Rapacious Fishing Threatens Ancient Seabed Habitats - Call For UN To Take Action

5 October 2004 A Coalition of leading environmental and conservation organisations today warned that the international community is failing to protect seabed habitats of the high seas, as oceans negotiations begin at the United Nations (UN) this week. Resolutions tabled for negotiation by the UN General Assembly fall a long way short of the urgent protection needed. Calling for a UN moratorium on bottom trawl fishing on the high seas, which wipes out unique species and irreplaceable ecosystems, the Deep Sea Conservation Coalition (DSCC) has argued that nothing less can preserve this fragile wilderness. Kelly Rigg, Coordinator of the DSCC said, "One fifteen minute trawl can lay a deep seabed habitat to waste, destroying cold water corals which have taken millennia to grow. We may end up driving species as yet undiscovered by science to extinction. Governments and scientists have been calling for urgent action to protect these deep sea treasures for the last two years, and governments are poised to simply repeat the call again. It's like waking up to find a rattlesnake in your bed, and suggesting that someone, somewhere, consider doing something about it." Only a handful of countries have deep sea bottom trawl fleets, the most prolific amongst these being Spain, Russia and New Zealand; others include Portugal, Norway, Estonia, Denmark/Faroe Islands, Japan, Lithuania, Iceland and Latvia. These 11 countries took approximately 95% of the reported high seas bottom trawl catch in 2001, some travelling great distances to do so. High seas fishing fleets pursue a small number of fish species such as orange roughy, and deliberately target seamounts (underwater mountains) which attract them. Seamounts provide rich habitats for cold water corals and other species, many of which only exist around one single seamount or a contained seamount chain. In addition to causing irreversible damage to the seamount habitat itself, bottom trawling is also putting fish stocks at risk of collapse. Most deep sea life forms are slow to grow and reproduce, with orange roughy, for example, living to 130 years of age. This means that they cannot easily recover from overfishing and many deep sea fisheries have become over exploited in less than 10 years. Alistair Graham, an advisor to WWF International, said: "There is a free-for-all mentality on the high seas areas beyond any national jurisdiction. Governments, collectively under the auspices of the UN General Assembly, must establish legal structures for protecting the high seas. The 'time out' afforded by an interim moratorium will ensure that there is something left to protect by then." The DSCC represents millions of members in countries around the world and is supported in its concerns by members of both the scientific and fishing communities. Greenpeace, a leading coalition member, is about to send its ship MV Esperanza out onto the high seas to spotlight the immediate threat posed by bottom trawlers. Dima Litvinov aboard the Esperanza said, "Bottom trawlers are effectively clear-cutting areas as rich in life as any rainforest. Every day wasted just discussing the need for urgent action means possibly another deep sea habitat will be gone". Notes: A VNR and B roll containing images of the deep seas and bottom trawl fishing is available from Greenpeace. Contact: Maarten van Rouveroy van Nieuwaal, Video Producer on ++ 31 6 4619 7322. Sara Holden on ++ 31 615 007 406 View a web version of the VNR:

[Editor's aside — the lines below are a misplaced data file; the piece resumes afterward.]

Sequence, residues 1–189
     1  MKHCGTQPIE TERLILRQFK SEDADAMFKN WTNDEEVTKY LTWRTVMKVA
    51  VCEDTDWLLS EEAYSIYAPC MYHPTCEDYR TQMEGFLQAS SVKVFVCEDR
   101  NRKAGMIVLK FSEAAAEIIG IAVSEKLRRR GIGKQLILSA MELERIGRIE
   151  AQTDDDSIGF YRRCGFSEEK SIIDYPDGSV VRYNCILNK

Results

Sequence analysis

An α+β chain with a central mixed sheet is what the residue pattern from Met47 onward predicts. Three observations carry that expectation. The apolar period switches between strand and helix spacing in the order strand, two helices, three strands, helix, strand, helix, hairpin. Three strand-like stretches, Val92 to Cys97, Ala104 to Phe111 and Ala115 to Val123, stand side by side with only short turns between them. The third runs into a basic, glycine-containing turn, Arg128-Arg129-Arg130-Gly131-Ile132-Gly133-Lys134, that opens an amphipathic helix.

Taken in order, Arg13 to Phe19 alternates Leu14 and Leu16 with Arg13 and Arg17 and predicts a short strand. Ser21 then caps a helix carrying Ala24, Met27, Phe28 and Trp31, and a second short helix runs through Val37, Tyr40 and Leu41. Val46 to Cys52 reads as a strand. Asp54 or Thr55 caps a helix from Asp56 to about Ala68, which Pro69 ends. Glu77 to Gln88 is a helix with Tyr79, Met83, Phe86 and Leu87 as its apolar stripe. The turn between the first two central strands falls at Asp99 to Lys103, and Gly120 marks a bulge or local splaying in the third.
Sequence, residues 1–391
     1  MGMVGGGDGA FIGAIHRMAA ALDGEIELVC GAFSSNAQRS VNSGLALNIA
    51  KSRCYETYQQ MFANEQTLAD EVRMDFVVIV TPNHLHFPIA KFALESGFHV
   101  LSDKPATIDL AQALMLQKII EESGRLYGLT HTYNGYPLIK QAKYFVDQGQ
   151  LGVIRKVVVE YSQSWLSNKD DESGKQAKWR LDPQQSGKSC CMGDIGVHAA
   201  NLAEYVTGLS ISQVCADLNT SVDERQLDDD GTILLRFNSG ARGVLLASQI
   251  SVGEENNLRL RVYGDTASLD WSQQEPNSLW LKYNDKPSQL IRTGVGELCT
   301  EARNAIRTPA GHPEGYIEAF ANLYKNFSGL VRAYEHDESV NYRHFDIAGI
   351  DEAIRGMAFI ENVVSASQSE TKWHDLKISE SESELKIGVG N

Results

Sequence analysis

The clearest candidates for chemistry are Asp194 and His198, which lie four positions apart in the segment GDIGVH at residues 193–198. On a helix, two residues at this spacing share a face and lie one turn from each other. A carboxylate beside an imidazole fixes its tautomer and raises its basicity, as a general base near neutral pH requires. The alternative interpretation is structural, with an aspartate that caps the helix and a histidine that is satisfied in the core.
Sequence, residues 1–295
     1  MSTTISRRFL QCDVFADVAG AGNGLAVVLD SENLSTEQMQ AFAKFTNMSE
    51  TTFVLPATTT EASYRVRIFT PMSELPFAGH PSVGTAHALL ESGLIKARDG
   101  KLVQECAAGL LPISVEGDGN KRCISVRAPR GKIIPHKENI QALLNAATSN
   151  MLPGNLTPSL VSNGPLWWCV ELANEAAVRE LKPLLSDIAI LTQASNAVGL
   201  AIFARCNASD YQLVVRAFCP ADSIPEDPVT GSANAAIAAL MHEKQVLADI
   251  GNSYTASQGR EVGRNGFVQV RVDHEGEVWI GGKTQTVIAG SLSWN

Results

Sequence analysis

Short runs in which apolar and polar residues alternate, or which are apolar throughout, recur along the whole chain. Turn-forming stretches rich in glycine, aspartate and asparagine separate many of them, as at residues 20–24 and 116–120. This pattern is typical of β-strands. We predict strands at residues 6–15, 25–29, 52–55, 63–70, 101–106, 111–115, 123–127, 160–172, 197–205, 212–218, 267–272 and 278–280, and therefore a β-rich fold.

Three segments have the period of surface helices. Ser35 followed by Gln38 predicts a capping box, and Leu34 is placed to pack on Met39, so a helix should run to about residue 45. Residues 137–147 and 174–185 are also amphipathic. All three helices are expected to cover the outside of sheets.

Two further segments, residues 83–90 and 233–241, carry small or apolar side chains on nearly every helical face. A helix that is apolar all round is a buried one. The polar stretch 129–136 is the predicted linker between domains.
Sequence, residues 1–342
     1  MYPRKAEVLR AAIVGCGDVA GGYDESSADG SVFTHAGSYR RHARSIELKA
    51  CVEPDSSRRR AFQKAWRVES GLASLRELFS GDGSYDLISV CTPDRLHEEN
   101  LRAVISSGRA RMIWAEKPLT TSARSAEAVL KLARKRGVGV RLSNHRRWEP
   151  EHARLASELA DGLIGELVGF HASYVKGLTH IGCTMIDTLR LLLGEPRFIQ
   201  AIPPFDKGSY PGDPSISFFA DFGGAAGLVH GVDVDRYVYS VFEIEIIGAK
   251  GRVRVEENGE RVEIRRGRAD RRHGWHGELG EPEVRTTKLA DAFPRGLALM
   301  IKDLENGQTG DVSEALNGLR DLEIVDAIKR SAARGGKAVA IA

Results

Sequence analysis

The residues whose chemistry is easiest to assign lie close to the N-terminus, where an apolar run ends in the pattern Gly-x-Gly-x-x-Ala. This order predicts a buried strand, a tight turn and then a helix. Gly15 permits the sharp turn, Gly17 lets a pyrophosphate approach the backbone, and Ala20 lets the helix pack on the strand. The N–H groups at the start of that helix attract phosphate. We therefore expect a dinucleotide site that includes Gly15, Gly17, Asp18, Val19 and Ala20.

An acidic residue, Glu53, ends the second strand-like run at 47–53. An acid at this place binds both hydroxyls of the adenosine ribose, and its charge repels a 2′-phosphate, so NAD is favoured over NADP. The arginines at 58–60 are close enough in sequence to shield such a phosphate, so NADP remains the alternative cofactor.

Windows Media, 3mins, 7.1MB
Real Media, 3mins, 6.7MB
Quicktime, 3mins, 13.4MB A CD Rom of stills depicting the deep sea bed and the impacts of bottom trawl fishing is available from Mirella von Lindenfels. Images are available from this site's multimedia section. For further information please contact: Mirella von Lindenfels on ++ 44 20 8882 5041 or mobile ++ 44 (0) 7717 844 352 Victoria Mottram on ++ 44 20 7403 5572 or mobile ++ 44 (0) 7976 748060